Sept. 10, 2009
Almond Board
California Legislative Report: Update on State Issues Affecting California's Almond Industry

State Legislation

  • Here is the current status of legislation  of interest to the almond industry that has  been introduced in Sacramento.  Sept. 11 is the last day for each House to pass bills. Oct. 11 is the last day for the Governor to sign or veto legislation.

Active Bills as of Sept. 10, 2009

  • Card Check Bill Vetoed by Governor-  - Gov. Arnold Schwarzenegger on Sept. 2, 2009 vetoed legislation that would make it easier for farmworkers to join unions, marking the third straight year he has rejected the top priority of the United Farm Workers union. SB 789   by Sen. Darrell Steinberg, (D-Sacramento), would have given workers the option of bypassing secret-ballot elections. Instead, they could sign representation cards. If a majority signed up, the state would certify the new bargaining unit.

  • Ag Burning - - SB 382 by Sen. Dean Florez (D-Shafter)  The measure was approved by the Senate May 14, 2009 on a 23-14 vote and was approved by the Assembly on Sept 2, 2009.  It is now awaiting action by the Governor.  It provides that a permit to burn agricultural waste  within the San Joaquin Valley Unified Air Pollution Control  District (SJVUAPCD) is not valid for any day the district prohibits operation of a wood burning fireplace or heater.

  • Carbon footprint labeling - - Legislation  that would require the California Air Resources Board to develop a voluntary program for labeling the carbon footprint of products sold in California was approved Aug. 17, 2009 by the Senate Appropriations Committee by a 13-0 margin. As of Sept. 10, 2009, it was still awaiting action  on the Senate floor.  It was approved  June 3 by the Assembly by a 47-32 margin. AB 19 was introduced by Assemblyman Ira Ruskin (D-Los Altos)  Chair of the Assembly Budget Sub-Committee on Natural Resources. As chair he will oversee the implementation of AB 32, the California Global Warming Solutions Act of 2006. The bill’s principal sponsor is Carbon Label California. The bill was first introduced in March 2008.

  • Food Safety -  -AB 1327 by Assemblyman Feuer. The bill was approved by the Assembly Health Committee by a 13-5 vote on May 5 and referred to the Assembly Appropriations Committee. As of Sept. 10, 2009, the bill was being held in the Appropriations Committee and it seemed unlikely the bill would move before session ends Sept. 11, 2009. The Food Safety Analysis and Control Plan requires food processing establishments to adopt and implement Hazard Analysis& Critical Control Points Plans (HACCP) as prescribed by the Department of Health & Human Services. The HACCP will require the implementation of procedures to prevent food and ingredient contamination including monitoring, preventive controls, testing, corrective actions and record keeping. The department will have to be notified within 24 hours when positive test results indicate the presence of poisonous or deleterious substances or other contaminants. Department inspectors will also have complete access to facilities and any vehicles used to transport food and ingredients.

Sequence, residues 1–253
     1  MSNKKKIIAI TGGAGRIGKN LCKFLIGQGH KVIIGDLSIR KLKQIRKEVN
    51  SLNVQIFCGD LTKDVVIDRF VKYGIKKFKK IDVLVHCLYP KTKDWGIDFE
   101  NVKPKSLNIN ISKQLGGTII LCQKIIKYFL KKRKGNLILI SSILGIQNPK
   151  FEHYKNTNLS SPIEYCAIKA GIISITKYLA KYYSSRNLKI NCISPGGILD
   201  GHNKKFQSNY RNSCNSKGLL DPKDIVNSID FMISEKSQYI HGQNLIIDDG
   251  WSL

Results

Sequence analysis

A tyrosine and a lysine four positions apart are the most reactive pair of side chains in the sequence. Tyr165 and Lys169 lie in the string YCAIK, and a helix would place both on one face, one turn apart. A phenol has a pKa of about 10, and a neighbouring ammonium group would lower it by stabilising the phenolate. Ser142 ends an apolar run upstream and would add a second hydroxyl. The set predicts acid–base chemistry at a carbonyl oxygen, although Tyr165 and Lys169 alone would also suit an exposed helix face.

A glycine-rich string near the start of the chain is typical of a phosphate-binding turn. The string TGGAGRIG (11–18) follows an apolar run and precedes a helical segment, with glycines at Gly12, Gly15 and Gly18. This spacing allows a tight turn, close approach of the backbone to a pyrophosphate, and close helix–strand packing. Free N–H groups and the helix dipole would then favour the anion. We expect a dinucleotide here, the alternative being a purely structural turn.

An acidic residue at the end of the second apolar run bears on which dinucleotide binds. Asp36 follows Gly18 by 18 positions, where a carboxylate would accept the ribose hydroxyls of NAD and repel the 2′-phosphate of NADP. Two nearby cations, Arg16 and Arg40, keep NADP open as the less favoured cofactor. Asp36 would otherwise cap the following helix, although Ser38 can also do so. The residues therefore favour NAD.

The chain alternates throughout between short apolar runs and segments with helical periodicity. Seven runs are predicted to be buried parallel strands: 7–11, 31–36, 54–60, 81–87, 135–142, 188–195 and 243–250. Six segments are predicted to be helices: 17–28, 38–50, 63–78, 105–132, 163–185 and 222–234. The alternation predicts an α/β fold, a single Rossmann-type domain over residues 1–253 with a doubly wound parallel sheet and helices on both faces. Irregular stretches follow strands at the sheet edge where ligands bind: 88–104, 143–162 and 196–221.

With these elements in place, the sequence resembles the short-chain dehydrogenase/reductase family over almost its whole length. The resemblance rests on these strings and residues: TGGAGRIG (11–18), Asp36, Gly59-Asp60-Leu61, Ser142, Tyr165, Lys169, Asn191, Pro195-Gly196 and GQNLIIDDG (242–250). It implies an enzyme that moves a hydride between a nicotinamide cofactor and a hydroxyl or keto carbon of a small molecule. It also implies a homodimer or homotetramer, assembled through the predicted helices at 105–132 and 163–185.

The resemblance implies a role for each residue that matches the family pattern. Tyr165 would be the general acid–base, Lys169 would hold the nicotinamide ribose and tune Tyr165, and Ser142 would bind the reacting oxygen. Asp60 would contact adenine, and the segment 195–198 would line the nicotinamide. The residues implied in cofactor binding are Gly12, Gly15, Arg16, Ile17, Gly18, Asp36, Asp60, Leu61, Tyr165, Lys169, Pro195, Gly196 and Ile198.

• Food Safety - - SB 173  by Sen. Dean Florez (D-Shafter) is awaiting acton by the Governor. It was approved  by the Assembly on Sept. 1, 2009 by a vote of 50-27. The Senate then approved the bill by a 26-9 margin on Sept. 4, 200.  Instead of mandating recalls as originally proposed, the bill has been amended so it only allows state public-health officials to adopt regulations for voluntary recalls.

  • Transition to Organics Act - - AB 1401 by Assemblywoman Fiona Ma (D-San Francisco) is headed to the Governor's desk after it was approved by the Senate by a 23-12 margin on Sept. 9, 2009. The bill passed the Assembly by a 60-16 margin on May 28.  The bill would  establish the Transition To Organics Fund to be administered by the CDFA, consisting of money from federal, industry, and citizen sources.

  • Williamson Act  - -  SB 715 (Wolk) Makes several substantive changes including the authorization for a county board of supervisors to require the county assessor to send an annual survey to verify continuous agricultural income from one or more agricultural uses or agricultural commodities, in the form the board prescribes, to all owners of land under a contract. The owner or owners would be required to return the completed survey to the assessor within 60 days. The bill would define "agricultural income" to mean continuous income derived from either an agricultural use or an agricultural commodity, or both. A hearing that was set for July 2, 2009 in the Assembly Ag Committee was canceled at the author's request and the bill is pending as of Sept. 10, 2009 and is unlikely to be taken up before the sessionn ends Sept. 11, 2009.